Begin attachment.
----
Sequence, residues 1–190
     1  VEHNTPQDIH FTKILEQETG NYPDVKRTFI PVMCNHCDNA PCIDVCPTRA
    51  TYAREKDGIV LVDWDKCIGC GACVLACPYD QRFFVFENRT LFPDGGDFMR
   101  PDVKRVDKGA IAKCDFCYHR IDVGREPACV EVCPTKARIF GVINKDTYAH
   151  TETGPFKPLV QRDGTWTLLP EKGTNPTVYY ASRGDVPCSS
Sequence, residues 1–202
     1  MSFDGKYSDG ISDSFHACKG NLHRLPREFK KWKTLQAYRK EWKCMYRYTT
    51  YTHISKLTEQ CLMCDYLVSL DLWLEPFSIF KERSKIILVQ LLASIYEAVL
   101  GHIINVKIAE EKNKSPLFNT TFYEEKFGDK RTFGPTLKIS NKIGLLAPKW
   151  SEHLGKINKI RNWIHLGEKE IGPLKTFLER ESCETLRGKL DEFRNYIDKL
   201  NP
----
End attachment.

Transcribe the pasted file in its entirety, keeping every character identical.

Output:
Sequence, residues 1–190
     1  VEHNTPQDIH FTKILEQETG NYPDVKRTFI PVMCNHCDNA PCIDVCPTRA
    51  TYAREKDGIV LVDWDKCIGC GACVLACPYD QRFFVFENRT LFPDGGDFMR
   101  PDVKRVDKGA IAKCDFCYHR IDVGREPACV EVCPTKARIF GVINKDTYAH
   151  TETGPFKPLV QRDGTWTLLP EKGTNPTVYY ASRGDVPCSS
Sequence, residues 1–202
     1  MSFDGKYSDG ISDSFHACKG NLHRLPREFK KWKTLQAYRK EWKCMYRYTT
    51  YTHISKLTEQ CLMCDYLVSL DLWLEPFSIF KERSKIILVQ LLASIYEAVL
   101  GHIINVKIAE EKNKSPLFNT TFYEEKFGDK RTFGPTLKIS NKIGLLAPKW
   151  SEHLGKINKI RNWIHLGEKE IGPLKTFLER ESCETLRGKL DEFRNYIDKL
   201  NP